The Pima County Public Library also provides special programs for children. Read to a Dog is one of the library’s programs that’s designed to allow kids to read to a non-judgmental listener, in which case this is a furry friend. The program started in 2006 at the Himmel Library with just one dog. Now, there are more than a dozen locations with multiple dogs participating in this program throughout the entire county.
You’ll also find dozens of neighborhoods throughout Tucson that support the popular Little Free Library. Neighborhoods like Broadmoor Broadway have their own Little Free Library in Malvern Plaza at the corner East Malvern and East Arroyo Chico streets. The goal of this free library is to have residents swap books in a central gathering place while promoting literacy within the community.
There is also the impressively stocked University of Arizona Main Library offering flexible spaces, helpful experts, a wide range of technology, and in-depth research collections that encourage patrons to foster new ideas and help build new connections.
Tucson Festival for Books
You have not been to a literary convention unless you have witnessed the Tucson Festival of Books, which takes place every spring. The two-day event attracts more than 130,000 visitors and features readings, presentations, and workshops from over 400 authors in a community-wide celebration of literature. Located at the University of Arizona’s Main Gate Mall in the University neighborhood, the festival features live music, poetry readings, science presentations, and dancing, which can be seen at various stages and locations throughout the university’s campus. The festival also includes hundreds of exhibitors selling books and providing information about the craft and business of writing. If you’ve never attended the fest, then you’ll want to read this First-Timer’s Guide to the Tucson Festival of Books so you can make the most out of your experience.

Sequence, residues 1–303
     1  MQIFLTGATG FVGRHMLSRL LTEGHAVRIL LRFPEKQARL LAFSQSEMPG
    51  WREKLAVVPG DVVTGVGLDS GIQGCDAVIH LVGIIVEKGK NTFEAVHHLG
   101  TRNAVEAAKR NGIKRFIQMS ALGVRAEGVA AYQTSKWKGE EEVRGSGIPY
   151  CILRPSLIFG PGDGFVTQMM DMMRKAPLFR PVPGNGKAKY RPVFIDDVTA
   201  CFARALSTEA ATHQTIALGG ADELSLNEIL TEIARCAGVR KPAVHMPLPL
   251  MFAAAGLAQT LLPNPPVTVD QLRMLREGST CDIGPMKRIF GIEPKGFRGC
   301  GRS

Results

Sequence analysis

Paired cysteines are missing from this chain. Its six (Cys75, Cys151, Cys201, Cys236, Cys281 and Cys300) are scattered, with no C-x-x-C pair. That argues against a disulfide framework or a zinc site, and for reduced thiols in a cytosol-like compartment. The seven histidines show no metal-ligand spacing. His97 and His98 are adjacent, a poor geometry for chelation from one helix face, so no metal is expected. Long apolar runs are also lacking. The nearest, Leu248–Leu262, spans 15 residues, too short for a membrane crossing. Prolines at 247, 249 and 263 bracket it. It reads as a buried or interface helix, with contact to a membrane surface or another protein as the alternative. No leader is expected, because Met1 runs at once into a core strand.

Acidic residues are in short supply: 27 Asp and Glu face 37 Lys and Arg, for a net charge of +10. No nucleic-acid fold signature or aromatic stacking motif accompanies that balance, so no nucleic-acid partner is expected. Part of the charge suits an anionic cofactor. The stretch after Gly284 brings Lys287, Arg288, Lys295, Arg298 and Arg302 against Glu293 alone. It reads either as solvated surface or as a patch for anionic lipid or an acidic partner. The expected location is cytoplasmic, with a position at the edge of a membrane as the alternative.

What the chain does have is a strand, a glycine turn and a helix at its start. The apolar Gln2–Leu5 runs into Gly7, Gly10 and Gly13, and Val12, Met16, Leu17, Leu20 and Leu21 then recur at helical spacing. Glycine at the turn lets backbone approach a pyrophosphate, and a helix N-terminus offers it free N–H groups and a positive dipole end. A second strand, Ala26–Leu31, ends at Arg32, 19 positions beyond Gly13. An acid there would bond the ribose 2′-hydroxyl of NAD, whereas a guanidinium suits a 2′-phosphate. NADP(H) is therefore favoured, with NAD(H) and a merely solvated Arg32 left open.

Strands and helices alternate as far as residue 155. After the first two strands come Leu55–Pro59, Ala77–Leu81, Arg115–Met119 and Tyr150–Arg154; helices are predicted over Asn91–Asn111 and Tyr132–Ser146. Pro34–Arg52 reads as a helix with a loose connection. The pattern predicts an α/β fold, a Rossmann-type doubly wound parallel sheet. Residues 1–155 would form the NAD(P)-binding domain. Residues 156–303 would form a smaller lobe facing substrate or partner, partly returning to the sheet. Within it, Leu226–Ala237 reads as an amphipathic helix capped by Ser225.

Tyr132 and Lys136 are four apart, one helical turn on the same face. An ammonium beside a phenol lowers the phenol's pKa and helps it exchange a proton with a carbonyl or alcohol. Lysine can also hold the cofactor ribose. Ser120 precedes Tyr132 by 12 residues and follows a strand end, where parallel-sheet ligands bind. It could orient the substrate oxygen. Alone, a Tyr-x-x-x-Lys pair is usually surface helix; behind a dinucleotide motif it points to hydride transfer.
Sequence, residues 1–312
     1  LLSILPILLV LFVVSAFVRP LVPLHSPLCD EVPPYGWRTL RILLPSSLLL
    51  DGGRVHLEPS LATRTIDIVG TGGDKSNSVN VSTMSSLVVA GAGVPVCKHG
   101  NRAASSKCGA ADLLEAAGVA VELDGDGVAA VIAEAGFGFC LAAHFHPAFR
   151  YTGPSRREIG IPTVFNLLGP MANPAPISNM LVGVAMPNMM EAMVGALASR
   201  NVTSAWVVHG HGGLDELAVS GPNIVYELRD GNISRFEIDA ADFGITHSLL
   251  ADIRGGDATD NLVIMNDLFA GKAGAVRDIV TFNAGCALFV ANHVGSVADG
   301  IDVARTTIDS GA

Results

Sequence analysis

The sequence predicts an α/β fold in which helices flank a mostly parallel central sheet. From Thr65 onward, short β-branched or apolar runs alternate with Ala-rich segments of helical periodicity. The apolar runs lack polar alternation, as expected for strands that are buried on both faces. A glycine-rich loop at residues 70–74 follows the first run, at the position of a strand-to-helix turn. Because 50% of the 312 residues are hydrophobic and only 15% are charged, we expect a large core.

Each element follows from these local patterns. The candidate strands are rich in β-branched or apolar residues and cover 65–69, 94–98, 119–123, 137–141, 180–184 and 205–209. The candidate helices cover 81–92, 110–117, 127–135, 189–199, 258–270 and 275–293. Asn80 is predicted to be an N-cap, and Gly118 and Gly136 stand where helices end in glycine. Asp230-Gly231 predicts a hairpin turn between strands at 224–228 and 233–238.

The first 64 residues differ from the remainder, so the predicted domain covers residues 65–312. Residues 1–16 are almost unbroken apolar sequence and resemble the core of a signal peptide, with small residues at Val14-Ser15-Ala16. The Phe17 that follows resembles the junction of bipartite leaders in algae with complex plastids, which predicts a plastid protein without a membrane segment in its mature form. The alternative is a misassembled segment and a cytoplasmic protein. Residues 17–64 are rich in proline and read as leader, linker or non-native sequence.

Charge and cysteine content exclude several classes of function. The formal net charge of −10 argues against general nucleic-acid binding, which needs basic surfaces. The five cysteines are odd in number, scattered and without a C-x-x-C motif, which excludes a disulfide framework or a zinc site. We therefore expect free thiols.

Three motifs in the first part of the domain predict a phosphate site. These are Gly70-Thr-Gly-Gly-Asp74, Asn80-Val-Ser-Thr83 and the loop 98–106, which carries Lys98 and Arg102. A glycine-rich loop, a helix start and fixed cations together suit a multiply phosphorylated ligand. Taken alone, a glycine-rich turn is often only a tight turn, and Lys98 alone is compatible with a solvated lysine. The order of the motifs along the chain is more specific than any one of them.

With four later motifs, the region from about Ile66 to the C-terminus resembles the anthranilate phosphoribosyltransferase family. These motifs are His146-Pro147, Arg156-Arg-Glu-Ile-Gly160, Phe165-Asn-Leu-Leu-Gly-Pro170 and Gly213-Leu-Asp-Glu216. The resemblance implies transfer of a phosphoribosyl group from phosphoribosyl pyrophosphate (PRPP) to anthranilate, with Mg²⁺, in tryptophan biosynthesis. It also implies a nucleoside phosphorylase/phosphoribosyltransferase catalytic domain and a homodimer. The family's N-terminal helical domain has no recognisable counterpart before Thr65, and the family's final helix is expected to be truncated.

Workshops, Classes, and Seminars
There are boundless ways to cultivate the craft of writing for those who are experienced as well as those looking to take a stab with an amateur’s enthusiasm. The Writers Studio was designed to help students discover and nurture their own voices by “trying on” many approaches to fiction and poetry. They welcome students at all stages, from novice to those with MFAs looking for additional instruction, and offer weekly classes near the River Park neighborhood.
Poetry aficionados will appreciate the University of Arizona’s Poetry Center, which is one of the largest poetry centers in the country. It offers a variety of programs including workshops, classes, and discussion groups that are open to public. The center also hosts contests and a reading series, and provides a platform where students can practice their craft and recite their work in front of an audience.
Casa Libre en la Solana has been a home for literary artists in Downtown Tucson since 2004. Its main purpose is to support and enhance the creativity of professional and novice writers by providing professional development opportunities as well as offering classes, readings, and workshops. Casa Libre hosts a reading series that’s curated by Tucson community members as well as special programs like its one-time events that support visiting writers traveling with new books.
Neighborhood Book Nooks
You can always curl up on the couch with a good book in hand, but for those of you who enjoy reading outside under a shady tree or on a park bench, Tucson has plenty of options. The city has many neighborhoods that offer small greenspaces or quaint parks like Amphi Neighborhood Park in North Tucson. But if you’re looking for a larger green space then you’ll have plenty of options to choose from, including the Tucson Botanical Garden near El Oasis and Reid Park Zoo near the Colonia Solana neighborhood, which provide the perfect outdoor setting to catch up on the latest novel.